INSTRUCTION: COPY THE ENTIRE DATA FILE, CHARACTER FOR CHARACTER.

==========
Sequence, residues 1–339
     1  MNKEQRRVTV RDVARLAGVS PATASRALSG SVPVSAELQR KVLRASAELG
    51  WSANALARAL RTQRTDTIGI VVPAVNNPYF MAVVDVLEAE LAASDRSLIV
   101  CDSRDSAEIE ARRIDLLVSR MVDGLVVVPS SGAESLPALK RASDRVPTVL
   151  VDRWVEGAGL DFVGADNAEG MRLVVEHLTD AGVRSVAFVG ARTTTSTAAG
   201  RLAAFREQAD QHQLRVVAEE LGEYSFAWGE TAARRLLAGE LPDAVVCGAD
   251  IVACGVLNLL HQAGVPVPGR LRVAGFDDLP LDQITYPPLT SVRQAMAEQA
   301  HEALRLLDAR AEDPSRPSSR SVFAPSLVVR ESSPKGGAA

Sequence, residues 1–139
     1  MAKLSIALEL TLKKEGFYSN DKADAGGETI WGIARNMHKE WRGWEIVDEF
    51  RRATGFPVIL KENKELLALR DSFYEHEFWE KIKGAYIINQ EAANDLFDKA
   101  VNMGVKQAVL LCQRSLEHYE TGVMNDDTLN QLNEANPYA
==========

Sequence, residues 1–339
     1  MNKEQRRVTV RDVARLAGVS PATASRALSG SVPVSAELQR KVLRASAELG
    51  WSANALARAL RTQRTDTIGI VVPAVNNPYF MAVVDVLEAE LAASDRSLIV
   101  CDSRDSAEIE ARRIDLLVSR MVDGLVVVPS SGAESLPALK RASDRVPTVL
   151  VDRWVEGAGL DFVGADNAEG MRLVVEHLTD AGVRSVAFVG ARTTTSTAAG
   201  RLAAFREQAD QHQLRVVAEE LGEYSFAWGE TAARRLLAGE LPDAVVCGAD
   251  IVACGVLNLL HQAGVPVPGR LRVAGFDDLP LDQITYPPLT SVRQAMAEQA
   301  HEALRLLDAR AEDPSRPSSR SVFAPSLVVR ESSPKGGAA

Sequence, residues 1–139
     1  MAKLSIALEL TLKKEGFYSN DKADAGGETI WGIARNMHKE WRGWEIVDEF
    51  RRATGFPVIL KENKELLALR DSFYEHEFWE KIKGAYIINQ EAANDLFDKA
   101  VNMGVKQAVL LCQRSLEHYE TGVMNDDTLN QLNEANPYA